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preservation. The earth itself, with its rocks, minerals, and fossils, owes its origin and continuance to the elements. The trees, plants, herbs, grass, moss, and all the vegetables, draw their subsistence from the earth; whilst the animals, in their turn, feed upon the vegetables. The earth gives nourishment to the plant, the plant is food for the insect, the insect for the bird, the bird for wild beasts; and, in their turn, the wild beasts become the prey of the vulture, the vulture of the insect, the insect of the plant, and the plant of the earth. Even man, who turns all these things to his own use, becomes himself their prey. Such is the circle in which all things here take their course, that all beings were created for one another. Tigers, lynxes, bears, and a number of other animals, provide us with furs to cover us : dogs pursue the stag and the buffalo, to furnish our tables: the terrier drives the rabbit from its deepest recesses into our snares: the horse, the elephant, and the camel, are trained to carry burdens, and the ox to draw the plough; the cow gives us milk: the sheep its wool: the rein-deer make the sledges fly over snow and ice: the hawk serves us in fowling, and the hen gives us eggs: the cock wakes us early in the morn, and the lark. amuses us with its song in the day-time: the whistling note of the blackbird is heard from morn to evening, and then the melodious warbling of the nightingale is charming to the ear. The sportive lambs, the playful calf, the innocent doves, and the stately plumage of the peacock, give pleasure to the sight: the very fish come from the depths of the ocean, and go up rivers, in order to furnish plenty of provisions for men, birds, and wild beasts: the silk-worm spins its web to clothe us: the bees collect with care the honey we find so useful : even the sea continually throws upon its shores craw-fish, lobsters, oysters, and all sorts of shell-fish, for our use: the jack-a-lantern, or great fly of Surinam, shines in the midst of darkness, to give light to the inhabitants of those countries.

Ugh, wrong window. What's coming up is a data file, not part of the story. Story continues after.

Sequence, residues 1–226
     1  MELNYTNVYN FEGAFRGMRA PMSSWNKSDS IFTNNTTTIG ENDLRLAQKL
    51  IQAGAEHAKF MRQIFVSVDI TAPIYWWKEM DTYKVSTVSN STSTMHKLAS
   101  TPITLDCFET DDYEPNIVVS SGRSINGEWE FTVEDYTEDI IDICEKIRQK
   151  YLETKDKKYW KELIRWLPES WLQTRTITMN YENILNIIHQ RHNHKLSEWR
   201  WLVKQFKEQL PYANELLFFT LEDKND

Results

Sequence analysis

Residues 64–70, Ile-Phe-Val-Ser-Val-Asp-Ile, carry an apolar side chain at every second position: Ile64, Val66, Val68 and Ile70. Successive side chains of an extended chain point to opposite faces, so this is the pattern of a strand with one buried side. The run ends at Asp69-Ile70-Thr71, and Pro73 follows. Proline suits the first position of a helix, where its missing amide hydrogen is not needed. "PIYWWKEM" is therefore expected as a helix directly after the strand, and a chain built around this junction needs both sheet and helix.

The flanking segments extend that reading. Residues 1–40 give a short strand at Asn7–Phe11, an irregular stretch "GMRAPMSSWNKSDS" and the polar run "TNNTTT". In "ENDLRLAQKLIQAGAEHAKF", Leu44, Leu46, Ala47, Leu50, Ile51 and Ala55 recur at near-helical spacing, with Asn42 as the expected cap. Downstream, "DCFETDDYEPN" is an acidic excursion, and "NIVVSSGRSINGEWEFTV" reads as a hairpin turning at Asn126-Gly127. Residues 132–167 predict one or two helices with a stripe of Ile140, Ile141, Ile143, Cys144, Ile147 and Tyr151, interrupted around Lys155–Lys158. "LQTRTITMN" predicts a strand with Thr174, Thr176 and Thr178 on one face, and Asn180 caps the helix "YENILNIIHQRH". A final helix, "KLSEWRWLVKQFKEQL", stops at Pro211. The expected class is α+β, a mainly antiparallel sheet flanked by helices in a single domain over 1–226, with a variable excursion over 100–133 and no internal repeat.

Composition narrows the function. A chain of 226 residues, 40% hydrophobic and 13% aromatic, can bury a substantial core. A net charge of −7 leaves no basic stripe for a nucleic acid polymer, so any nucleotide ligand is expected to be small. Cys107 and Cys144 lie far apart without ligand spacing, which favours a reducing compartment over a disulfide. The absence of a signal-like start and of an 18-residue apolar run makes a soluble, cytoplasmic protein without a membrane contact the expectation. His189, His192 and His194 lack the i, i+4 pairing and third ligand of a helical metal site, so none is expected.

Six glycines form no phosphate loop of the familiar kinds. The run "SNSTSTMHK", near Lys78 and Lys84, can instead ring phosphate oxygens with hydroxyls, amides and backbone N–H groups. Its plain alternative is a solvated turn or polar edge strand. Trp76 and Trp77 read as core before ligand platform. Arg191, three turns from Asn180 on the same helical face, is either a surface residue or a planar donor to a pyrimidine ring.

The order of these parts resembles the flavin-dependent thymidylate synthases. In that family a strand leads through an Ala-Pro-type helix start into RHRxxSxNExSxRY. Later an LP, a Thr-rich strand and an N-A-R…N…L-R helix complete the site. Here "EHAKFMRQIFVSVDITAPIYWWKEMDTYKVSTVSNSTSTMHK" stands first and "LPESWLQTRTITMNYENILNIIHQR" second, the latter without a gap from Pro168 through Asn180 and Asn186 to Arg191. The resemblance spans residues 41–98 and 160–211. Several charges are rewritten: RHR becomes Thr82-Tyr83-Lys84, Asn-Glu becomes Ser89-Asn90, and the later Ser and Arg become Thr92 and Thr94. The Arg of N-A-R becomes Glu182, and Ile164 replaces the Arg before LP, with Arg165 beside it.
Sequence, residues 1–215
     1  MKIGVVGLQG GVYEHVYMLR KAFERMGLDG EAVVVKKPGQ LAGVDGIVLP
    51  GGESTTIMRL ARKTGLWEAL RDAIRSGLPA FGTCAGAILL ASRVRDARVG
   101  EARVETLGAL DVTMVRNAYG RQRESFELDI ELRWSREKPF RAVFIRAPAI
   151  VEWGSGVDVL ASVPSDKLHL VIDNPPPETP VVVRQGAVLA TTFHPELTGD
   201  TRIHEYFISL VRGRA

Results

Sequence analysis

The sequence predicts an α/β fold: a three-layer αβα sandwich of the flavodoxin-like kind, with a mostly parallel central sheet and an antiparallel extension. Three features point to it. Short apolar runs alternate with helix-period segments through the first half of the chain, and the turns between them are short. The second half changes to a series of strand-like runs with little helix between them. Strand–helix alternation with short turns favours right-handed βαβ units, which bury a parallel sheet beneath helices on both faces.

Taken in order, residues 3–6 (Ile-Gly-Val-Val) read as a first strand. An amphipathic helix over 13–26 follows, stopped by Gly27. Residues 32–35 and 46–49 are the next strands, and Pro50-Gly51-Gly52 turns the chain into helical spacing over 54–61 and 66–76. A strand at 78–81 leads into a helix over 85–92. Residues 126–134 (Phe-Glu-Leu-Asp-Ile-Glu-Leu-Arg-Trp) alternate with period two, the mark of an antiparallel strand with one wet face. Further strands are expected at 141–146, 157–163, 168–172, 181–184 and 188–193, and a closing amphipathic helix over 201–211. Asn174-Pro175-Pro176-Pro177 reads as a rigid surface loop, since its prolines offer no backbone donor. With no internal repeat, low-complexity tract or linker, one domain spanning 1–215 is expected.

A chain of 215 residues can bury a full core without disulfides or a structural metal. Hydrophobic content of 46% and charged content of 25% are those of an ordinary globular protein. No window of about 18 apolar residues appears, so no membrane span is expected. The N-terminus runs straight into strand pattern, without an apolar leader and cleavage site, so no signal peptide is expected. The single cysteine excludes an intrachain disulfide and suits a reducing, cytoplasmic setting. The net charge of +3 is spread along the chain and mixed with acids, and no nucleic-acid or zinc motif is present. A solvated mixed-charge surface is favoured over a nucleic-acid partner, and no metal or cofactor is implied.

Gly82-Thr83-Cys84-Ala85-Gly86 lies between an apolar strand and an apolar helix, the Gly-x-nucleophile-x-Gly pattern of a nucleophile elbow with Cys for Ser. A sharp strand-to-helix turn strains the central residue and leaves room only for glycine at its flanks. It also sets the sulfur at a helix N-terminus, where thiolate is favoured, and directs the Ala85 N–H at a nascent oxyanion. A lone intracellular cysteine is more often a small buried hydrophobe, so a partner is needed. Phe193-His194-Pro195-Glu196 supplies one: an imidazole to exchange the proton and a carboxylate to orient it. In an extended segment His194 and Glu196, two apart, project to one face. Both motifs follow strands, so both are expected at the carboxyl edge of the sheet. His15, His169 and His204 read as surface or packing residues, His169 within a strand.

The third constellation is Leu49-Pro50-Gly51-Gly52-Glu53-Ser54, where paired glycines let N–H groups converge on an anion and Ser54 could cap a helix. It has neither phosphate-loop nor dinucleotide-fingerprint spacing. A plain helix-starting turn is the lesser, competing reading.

If we observe the different occupations' of mankind, we shall find that they also tend to this same end which nature proposed. The sailor braves the dangers of the seas and storms, to convey merchandises, which do not belong to him, to their destined place; the ploughman sows and reaps grain, of which he consumes but little himself. Thus, we do not live for ourselves only; for the wise Author of nature has so ordained, that all beings should become useful to one another. Let us learn from thence our mutual duties. The strong should assist the weak; the learned should instruct the ignorant : indeed we should love our neighbour as selves, and thus fulfil the designs of the Creator. The mutual offices men owe to one another have made them form into societies. What divided force could not accomplish, is easily performed by united strength. · Nobody could erect a fine building or palace without assistance: one person alone could not lay the foundation, dig the cellars, make and burn the bricks, raise the walls, put on the roof, make the windows, decorate the apartments, &c. but all this is done with ease when the different workmen assist one another. Even the things which appear to us of so little importance, that we scarcely deigu to look at them, all contribute to make us happy. The very insects we so much despise are useful to us. i1 May it teach us to value as we ought the goodness of our merciful Father, and to be sensible of our own happiness!